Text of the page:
“It’s not only that your not allowed to share the secret information; you’re not allowed to do that. But you’re not allowed to even give advice using the secret information. He can’t un-know what he knows and so his advice is based on what he knows. What he knows is secret information, therefore he’s prohibited from giving that advice.”
Canada’s ethics commissioner Mary Dawson has been politely side-stepping the issue, Conacher says. Her track record shows she tends to avoid controversy as well, with over 80 former ethics rulings made in secret. Conacher’s concern is that Dawson, a Conservative-appointed commissioner, is avoiding the hard questions — questions Democracy Watch details in its eight-page letter to her.
“It’s beyond conflict of interest. It’s also these other rules that apply and it’s not resolved by Strahl just recusing himself if a complaint comes forward about CSIS and Enbridge,” he said. “And that’s what Mary Dawson has been dodging.”
Dawson is not required to investigate ethics complaints filed by members of the public. She would be required to investigate, however, if a member of parliament made the same complaint.
Strahl’s behaviour, Conacher says, is “very dangerously undemocratic” and “unethical” because it places “the interests of a few private companies way above the public interest.”
“That’s why it’s illegal,” he says. “Thankfully, it’s illegal.”
The Conflict of Interests Act has been reviewed over the past year by the House of Commons ethics committee. A full report outlining the position of each federal party on ethics issues is due out this week or when parliament resumes.
“You don’t have democracy if these rules are not strict, strong and enforced. As everyone knows: if you allow private interests to trump public interests then you don’t have democracy,” Conacher said.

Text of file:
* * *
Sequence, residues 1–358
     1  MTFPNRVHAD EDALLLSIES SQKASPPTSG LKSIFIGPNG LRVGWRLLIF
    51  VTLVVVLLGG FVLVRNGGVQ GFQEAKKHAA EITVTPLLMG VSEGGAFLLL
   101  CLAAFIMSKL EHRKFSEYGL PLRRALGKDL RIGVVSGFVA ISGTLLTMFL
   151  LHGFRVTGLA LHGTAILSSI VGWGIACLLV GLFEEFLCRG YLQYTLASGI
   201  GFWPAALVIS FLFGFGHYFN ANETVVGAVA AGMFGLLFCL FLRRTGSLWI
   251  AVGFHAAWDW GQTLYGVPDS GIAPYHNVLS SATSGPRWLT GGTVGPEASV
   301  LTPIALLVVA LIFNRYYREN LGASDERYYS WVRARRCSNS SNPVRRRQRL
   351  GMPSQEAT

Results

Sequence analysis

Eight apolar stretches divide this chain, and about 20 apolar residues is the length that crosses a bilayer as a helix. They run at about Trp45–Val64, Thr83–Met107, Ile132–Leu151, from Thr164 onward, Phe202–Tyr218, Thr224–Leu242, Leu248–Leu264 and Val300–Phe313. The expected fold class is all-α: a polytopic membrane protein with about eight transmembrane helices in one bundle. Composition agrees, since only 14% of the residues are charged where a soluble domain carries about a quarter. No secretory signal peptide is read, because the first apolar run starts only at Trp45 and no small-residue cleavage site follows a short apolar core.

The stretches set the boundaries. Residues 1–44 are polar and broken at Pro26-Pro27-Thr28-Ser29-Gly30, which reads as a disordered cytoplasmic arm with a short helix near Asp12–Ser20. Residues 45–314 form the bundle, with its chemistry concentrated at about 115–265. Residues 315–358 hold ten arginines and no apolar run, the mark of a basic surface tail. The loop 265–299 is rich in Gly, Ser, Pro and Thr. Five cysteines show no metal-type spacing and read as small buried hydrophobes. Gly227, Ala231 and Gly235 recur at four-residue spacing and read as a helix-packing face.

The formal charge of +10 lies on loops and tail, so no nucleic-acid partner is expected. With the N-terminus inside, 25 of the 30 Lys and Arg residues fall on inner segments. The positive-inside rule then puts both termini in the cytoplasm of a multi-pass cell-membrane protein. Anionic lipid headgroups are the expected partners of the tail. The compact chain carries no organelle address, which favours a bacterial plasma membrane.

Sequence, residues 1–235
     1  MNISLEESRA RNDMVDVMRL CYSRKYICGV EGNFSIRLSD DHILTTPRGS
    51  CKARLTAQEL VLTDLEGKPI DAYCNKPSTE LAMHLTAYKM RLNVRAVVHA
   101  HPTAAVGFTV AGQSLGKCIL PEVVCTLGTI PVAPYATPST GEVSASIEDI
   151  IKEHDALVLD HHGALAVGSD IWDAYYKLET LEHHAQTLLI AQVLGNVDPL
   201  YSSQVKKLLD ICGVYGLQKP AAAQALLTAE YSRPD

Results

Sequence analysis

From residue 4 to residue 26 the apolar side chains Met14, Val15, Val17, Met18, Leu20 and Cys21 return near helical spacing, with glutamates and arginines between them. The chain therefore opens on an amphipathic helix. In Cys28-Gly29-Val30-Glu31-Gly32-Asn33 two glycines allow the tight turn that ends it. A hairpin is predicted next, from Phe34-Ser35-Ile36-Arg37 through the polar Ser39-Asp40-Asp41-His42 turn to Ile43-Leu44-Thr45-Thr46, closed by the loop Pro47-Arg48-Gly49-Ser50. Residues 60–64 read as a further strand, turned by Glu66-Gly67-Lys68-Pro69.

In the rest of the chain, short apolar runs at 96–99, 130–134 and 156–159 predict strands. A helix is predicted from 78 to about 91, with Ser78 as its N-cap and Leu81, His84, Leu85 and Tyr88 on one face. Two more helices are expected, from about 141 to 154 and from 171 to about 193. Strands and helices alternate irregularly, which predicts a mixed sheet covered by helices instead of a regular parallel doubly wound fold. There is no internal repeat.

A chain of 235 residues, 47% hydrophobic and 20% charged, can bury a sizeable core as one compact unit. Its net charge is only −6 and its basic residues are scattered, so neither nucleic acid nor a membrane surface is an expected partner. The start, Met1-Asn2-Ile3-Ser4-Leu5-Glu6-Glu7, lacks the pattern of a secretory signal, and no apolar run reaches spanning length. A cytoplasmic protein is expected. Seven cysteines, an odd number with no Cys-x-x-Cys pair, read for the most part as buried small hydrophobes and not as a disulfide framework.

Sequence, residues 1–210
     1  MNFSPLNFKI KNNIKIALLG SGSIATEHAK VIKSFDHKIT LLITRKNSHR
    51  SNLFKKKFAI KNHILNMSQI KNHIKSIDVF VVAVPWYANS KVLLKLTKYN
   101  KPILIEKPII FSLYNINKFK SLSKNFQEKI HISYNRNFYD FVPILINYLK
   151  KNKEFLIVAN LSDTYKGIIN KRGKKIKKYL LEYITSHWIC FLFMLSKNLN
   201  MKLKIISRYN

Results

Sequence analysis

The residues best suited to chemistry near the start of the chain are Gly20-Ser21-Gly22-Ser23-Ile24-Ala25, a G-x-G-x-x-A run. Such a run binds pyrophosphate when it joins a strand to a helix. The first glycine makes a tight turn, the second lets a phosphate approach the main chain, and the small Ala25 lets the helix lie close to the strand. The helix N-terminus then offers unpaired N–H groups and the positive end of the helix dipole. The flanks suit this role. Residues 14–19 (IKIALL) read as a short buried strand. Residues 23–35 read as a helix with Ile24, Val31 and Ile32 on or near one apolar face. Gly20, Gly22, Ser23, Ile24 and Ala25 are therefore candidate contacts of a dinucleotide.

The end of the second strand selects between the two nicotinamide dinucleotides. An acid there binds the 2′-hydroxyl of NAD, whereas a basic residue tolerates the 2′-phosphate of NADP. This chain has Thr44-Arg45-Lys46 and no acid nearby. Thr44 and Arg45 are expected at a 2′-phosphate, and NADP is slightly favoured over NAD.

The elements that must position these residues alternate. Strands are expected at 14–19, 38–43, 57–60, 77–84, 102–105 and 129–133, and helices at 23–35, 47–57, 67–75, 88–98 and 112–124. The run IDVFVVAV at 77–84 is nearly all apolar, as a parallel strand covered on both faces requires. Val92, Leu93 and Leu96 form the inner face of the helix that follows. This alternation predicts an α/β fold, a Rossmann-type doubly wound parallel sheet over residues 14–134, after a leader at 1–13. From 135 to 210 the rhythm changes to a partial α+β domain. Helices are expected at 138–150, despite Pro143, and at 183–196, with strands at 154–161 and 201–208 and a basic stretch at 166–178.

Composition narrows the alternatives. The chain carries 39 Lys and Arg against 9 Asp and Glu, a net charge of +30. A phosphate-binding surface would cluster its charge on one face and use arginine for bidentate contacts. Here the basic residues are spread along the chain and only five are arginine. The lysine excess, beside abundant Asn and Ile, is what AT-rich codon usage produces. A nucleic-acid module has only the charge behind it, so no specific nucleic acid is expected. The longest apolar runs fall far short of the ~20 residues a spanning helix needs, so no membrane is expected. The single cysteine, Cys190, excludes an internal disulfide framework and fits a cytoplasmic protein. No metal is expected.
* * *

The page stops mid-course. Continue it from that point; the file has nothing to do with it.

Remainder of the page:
Caribou, Humpbacks May Legally Stand in Way of Northern Gateway Pipeline, According to B.C. Nature Lawsuit | DeSmog Canada
Not even a month has pass since the federally-appointed Joint Review Panel (JRP) released its official report recommending approval of the Northern Gateway Pipeline, pending the fulfillment of 209 conditions. Yet already two separate suits have been filed against the integrity of the report, with groups requesting Cabinet delay a final decision on the pipeline project until the federal court of appeals can assess the complaints.
One of the suits, filed today by the Environmental Law Centre on behalf of B.C. Nature (the Federation of British Columbia Naturalists), requested the JRP’s report be declared invalid and that Cabinet halt its decision on the pipeline project until the court challenge is heard. The second suit, filed by Ecojustice on behalf of several environmental groups claims the JRP report is based on insufficient evidence and therefore fails to constitute a full environmental assessment under the law.
Chris Tollefson, B.C. Nature’s lawyer and executive director of the Environmental Law Centre at the University of Victoria, says “we have asked that the federal court make an order that no further steps be taken by any federal regulator or by Cabinet until this request is adjudicated.”